|Is||Geologist Scientist Physicist Archaeologist Professor Educator Paleontologist|
|From||United States of America|
|Type||Academia Biology Science Social science|
|Birth||3 October 1940, Berkeley, Alameda County, California, USA|
Walter Alvarez (born October 3, 1940) is a professor in the Earth and Planetary Science department at the University of California, Berkeley. He is most widely known for the theory that dinosaurs were killed by an asteroid impact, developed in collaboration with his father, Nobel Prize winning physicist Luis Alvarez.
Born in Berkeley, California, Alvarez is the son of Luis Walter Alvarez, a Nobel prize-winner in physics. His grandfather was the famed physician Walter C. Alvarez and his great-grandfather, Spanish-born Luis F. Alvarez, worked as a doctor in Hawaii and developed a method for the better diagnosis of macular leprosy. His great-aunt Mabel Alvarez was a noted California artist and oil painter.
Alvarez earned his B.A. in geology in 1962 from Carleton College in Minnesota and Ph.D. in geology from Princeton University in 1967. He worked for American Overseas Petroleum Limited in the Netherlands, and in Libya at the time of Colonel Gadaffi's revolution. Having developed a side interest in archaeological geology, he left the oil company and spent some time in Italy, studying the Roman volcanics and their influence on patterns of settlement in early Roman times.
Alvarez then moved to Lamont-Doherty Geological Observatory of Columbia University, and began studying the Mediterranean tectonics in the light of the new theory of plate tectonics. His work on tectonic paleomagnetism in Italy led to a study of the geomagnetic reversals recorded in Italian deep-sea limestones. Alvarez and his colleagues were able to date the reversals for an interval of more than 100 million years of the Earth's history by using Foraminifera biostratigraphy.
Alvarez and his father Luis W. Alvarez are most widely known for their discovery (with Frank Asaro and Helen Michel) that a clay layer occurring right at the Cretaceous–Paleogene (K-Pg) boundary was highly enriched in the element iridium. Since iridium enrichment is common in asteroids, but very uncommon on the Earth, they further postulated that the layer had been created by the impact of a large asteroid with the Earth and that this impact event was the likely cause of the Cretaceous–Paleogene extinction event.
This iridium enrichment has now been observed in many other sites around the world. And further, the very large Chicxulub crater was identified and is now regarded as the definitive evidence of a large impact. Consequently, a majority of scientists now accept the impact scenario as the most likely cause for the Cretaceous–Paleogene extinction event which occurred 66 million years ago and eliminated 75% of all species, including all non-avian dinosaurs. His book, T. Rex and the Crater of Doom, details the discovery of the Cretaceous–Paleogene extinction event.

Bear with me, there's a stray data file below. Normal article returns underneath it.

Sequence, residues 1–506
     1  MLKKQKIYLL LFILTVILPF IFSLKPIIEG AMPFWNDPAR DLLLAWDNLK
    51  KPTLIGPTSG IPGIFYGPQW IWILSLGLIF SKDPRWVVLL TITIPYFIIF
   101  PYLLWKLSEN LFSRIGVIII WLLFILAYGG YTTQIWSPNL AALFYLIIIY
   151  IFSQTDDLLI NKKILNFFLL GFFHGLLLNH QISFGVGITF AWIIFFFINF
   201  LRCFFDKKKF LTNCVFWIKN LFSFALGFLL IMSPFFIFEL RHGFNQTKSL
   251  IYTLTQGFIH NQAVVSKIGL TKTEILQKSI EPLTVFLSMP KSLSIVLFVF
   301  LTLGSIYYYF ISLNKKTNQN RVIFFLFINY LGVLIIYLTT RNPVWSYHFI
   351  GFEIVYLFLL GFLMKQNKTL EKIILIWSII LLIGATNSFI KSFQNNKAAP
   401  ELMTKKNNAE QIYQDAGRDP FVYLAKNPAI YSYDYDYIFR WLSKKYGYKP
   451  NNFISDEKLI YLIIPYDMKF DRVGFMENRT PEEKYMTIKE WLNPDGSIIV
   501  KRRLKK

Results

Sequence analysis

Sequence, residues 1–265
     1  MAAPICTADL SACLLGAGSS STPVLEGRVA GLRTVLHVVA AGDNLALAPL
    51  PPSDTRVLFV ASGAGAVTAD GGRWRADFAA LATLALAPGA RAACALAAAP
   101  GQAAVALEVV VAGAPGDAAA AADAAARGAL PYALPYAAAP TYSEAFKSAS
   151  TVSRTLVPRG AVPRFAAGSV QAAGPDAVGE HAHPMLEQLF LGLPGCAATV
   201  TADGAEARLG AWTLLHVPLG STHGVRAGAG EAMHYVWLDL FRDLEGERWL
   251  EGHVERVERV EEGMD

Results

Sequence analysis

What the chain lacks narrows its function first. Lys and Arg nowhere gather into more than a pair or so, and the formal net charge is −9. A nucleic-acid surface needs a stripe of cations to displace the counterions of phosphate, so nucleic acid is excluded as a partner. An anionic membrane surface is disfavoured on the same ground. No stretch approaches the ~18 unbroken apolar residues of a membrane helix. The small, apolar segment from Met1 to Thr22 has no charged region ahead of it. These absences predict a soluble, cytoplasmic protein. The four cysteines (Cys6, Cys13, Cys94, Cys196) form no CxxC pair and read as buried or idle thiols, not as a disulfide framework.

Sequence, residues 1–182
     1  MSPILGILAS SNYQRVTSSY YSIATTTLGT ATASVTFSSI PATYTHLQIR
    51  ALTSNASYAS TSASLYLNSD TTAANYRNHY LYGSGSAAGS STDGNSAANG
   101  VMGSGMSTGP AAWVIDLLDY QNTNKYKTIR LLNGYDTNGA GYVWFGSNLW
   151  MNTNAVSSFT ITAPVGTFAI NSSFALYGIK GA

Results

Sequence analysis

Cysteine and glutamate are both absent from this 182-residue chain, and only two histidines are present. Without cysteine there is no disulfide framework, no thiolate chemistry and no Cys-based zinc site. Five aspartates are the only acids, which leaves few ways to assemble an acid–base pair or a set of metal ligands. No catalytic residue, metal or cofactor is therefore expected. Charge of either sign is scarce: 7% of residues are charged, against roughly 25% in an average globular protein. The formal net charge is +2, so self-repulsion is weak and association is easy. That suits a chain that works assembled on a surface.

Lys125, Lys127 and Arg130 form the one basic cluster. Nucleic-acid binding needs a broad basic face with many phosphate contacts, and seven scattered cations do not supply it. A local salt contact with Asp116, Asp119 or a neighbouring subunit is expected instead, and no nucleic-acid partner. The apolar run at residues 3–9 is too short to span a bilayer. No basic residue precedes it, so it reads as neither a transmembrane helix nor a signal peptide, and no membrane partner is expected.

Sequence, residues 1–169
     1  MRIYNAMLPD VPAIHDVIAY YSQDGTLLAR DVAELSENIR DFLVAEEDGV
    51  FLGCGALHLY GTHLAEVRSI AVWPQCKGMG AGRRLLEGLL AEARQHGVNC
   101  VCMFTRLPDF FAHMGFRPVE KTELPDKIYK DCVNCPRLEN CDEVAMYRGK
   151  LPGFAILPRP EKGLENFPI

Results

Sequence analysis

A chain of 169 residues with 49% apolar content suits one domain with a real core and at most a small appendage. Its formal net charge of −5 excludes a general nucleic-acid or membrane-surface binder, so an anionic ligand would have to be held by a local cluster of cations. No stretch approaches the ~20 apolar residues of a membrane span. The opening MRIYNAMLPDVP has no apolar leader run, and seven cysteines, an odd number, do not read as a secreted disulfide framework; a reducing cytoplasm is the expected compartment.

In addition to his interest in extinction events and impacts, Alvarez has contributed to the understanding of Mediterranean tectonics, Roman geology and archeology, and the establishment of magnetostratigraphic correlations.
Alvarez began teaching a course in Big History at UC Berkeley in 2006 under the title "Big History: Cosmos, Earth, Life, Humanity." He last taught the course in 2011 where it was videotaped and made freely available online. According to Alvarez, Big History is the "attempt to understand, in a unified and interdisciplinary way, the history of the Cosmos, Earth, Life and Humanity." This definition was later adopted by the International Big History Association (IBHA). Alvarez's course is open to all majors and grade levels and seeks to provide a broad understanding of the past, present and future.
Alvarez helped organize a meeting of Big Historians at the Geological Observatory at Coldigioco in Italy in 2010 which resulted in the establishment of the International Big History Association. In 2011, the IBHA is a 501(c)3 non-profit organization.
Alvarez was one of the founding members of the IBHA, and served on the advisory board until August 7, 2014 when he stepped down at the 2014 IBHA conference held at Dominican University of California.
Alvarez's most recent contribution to the field of Big History has been the creation of a free, open source, zoomable timeline in partnership with Microsoft Research called ChronoZoom. ChronoZoom is a computer-graphical approach to dealing with this problem of visualizing and understanding time scales, and presenting vast quantities of historical information in a useful way. ChronoZoom was introduced at the 97th Annual Faculty Research Lecture at UC Berkeley.
Awards and honors
Alvarez is the recipient of numerous awards and honors. He was elected a Fellow of the American Academy of Arts and Sciences in 1983, and elected a member of the National Academy of Sciences in 1991. He was awarded the 2006 Nevada Medal, the 2008 Vetlesen Prize, and the Penrose Medal from the Geological Society of America. In 2005, he received the doctorate "Honoris Causa" in Geological Sciences from the University of Siena, Italy.
- T. Rex and the Crater of Doom (Princeton University Press, 1997) ISBN 0-375-70210-5
- The Mountains of Saint Francis: The Geologic Events that Shaped Our Earth (W. W. Norton, December 2008) ISBN 9780393061857
- A Most Improbable Journey: A Big History of our Planet and Ourselves (W. W. Norton, 2016) ISBN 978-0393292695